Top 10 Innovative Brands 2013: #1 Target

One of the most visible brands in event marketing, the retailer continues its reputation for innovative events and engaging marketing tactics.

By Anna Sekula June 12, 2013, 7:00 AM EDT

In anticipation of its 2013 launch in Canada, Target hosted a one-day pop-up shop for its Jason Wu collection in Toronto in February 2012. An enormous billboard—a bright red sign combining the bulls-eye logo and colors with that of the Canadian flag—made it hard to miss the retailer's first effort in Canada.

Photo: Vito Amati

When it comes to experiential marketing, Target is a powerhouse, hosting and sponsoring more than 400 events a year in the United States. For retail marketers, it’s the one to watch and the competitor to top, regularly experimenting with new concepts and producing highly visual and engaging affairs. And ­although the company is just starting to move into the international space, expanding into Canada this spring, its image commands attention on a global scale, landing a spot in the Forbes World’s Most Powerful Brands list as well as Fortune’s World’s Most Admired Companies rankings. Such recognition has an ­impact on sales (and vice versa): Target posted $16.60 billion in revenue for the third quarter of last year, a 3.4 percent increase compared to the same period the previous year, and a 14.8 percent increase in net income.

Responsible for the Minneapolis retailer’s strategic marketing is executive vice president and chief marketing officer Jeff Jones, who previously served as executive vice president of global marketing for Gap and held leadership positions at ad agencies McKinney and LB Works. “Creatively, we’re known for brave execution. The way we connect digitally is the next evolution of where we’ll continue to press,” Jones told Forbes in June 2012.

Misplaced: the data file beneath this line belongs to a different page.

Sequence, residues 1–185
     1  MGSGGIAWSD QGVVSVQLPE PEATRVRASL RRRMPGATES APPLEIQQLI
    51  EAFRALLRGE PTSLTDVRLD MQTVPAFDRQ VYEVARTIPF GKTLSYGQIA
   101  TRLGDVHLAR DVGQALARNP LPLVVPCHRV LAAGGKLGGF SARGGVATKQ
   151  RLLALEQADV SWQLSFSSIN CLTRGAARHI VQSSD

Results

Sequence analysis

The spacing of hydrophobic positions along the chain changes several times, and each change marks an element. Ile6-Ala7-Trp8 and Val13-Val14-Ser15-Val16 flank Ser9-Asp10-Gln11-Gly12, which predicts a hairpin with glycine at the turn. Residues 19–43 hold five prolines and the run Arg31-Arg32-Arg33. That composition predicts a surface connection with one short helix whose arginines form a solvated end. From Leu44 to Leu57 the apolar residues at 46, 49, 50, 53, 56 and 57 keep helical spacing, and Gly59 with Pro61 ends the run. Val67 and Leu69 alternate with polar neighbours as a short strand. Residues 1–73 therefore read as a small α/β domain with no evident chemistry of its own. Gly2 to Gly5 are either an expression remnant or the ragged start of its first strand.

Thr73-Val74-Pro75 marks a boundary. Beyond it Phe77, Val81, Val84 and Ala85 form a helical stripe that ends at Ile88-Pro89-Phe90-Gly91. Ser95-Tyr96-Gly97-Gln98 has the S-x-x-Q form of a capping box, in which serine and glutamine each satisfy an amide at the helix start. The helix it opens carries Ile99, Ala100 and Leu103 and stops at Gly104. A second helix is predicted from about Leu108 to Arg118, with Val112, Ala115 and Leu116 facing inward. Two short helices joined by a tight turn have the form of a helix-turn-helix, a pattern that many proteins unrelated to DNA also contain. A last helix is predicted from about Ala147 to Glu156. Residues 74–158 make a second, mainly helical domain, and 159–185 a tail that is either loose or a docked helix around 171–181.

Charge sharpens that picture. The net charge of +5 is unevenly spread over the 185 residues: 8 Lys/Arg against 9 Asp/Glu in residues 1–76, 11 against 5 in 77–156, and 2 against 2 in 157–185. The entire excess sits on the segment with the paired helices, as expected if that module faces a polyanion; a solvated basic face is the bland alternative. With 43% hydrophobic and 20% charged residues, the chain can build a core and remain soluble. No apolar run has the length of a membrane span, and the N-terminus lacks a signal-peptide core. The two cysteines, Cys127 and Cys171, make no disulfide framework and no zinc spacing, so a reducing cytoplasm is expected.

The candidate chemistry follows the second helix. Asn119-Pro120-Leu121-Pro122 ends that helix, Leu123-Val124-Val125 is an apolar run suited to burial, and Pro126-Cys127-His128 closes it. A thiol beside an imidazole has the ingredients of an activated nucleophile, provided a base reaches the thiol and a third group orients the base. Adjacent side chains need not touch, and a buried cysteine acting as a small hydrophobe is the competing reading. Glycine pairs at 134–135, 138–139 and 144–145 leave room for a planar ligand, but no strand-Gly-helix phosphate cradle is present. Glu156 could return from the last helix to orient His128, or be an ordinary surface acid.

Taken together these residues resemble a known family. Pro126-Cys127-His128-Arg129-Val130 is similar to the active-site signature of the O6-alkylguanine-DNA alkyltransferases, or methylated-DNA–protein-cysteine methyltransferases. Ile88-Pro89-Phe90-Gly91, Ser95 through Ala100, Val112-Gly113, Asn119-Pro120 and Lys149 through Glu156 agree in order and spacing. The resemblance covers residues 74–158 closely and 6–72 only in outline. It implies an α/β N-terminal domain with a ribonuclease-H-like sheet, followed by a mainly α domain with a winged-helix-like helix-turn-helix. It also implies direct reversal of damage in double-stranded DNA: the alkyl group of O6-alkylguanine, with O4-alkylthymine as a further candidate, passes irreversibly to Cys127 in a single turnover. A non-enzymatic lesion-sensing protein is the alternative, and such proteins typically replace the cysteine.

Just three months later Target debuted its first shoppable video, an online romantic comedy series starring Kristen Bell that not only let consumers purchase products while watching the shorts, but that also was integrated into a live event broadcast on the Web. Blurring the lines between entertainment and advertising, the initiative for the fall campaign effectively blended the digital with the experiential and turned the brand into a content producer.

The retailer has also continued to promote its brand—and its extensive corporate responsibility program—by hosting affairs during high-profile events. Last year Target hosted an activation in England for the London Olympics, a pop-up shop during Fashion’s Night Out, and a fitness-­focused gathering for kids at the New York City Wine & Food Festival. This year, Target even made a splash at President Barack Obama’s second inauguration, gathering Vice President Joe Biden and 10,000 volunteers to assemble care kits for the military the day before the official ceremony.

Helping broaden the scope of these events to the wider online audience is the company’s active social media presence. Target has community managers responsible for handling social media for each of its sub-brands (such as Target Baby and Target Style), and these managers are expected to be on site at relevant promotions and product launches.

“They really know what our ­communities are looking for,” says Target social media manager Joe Curry. “So it’s important to have them there, communicating to partners and influencers who are at the events, as well as to those following along online.”

One of the next big steps for the brand is moving in on Canada; stores opened there in March this year. Target has already started building buzz through events, including a pop-up shop for its Jason Wu collaboration, a branded space within the Templar Hotel for the Toronto International Film Festival, and a cross-country mobile marketing tour that included a free concert with Carly Rae Jepsen in Mission, British Columbia.

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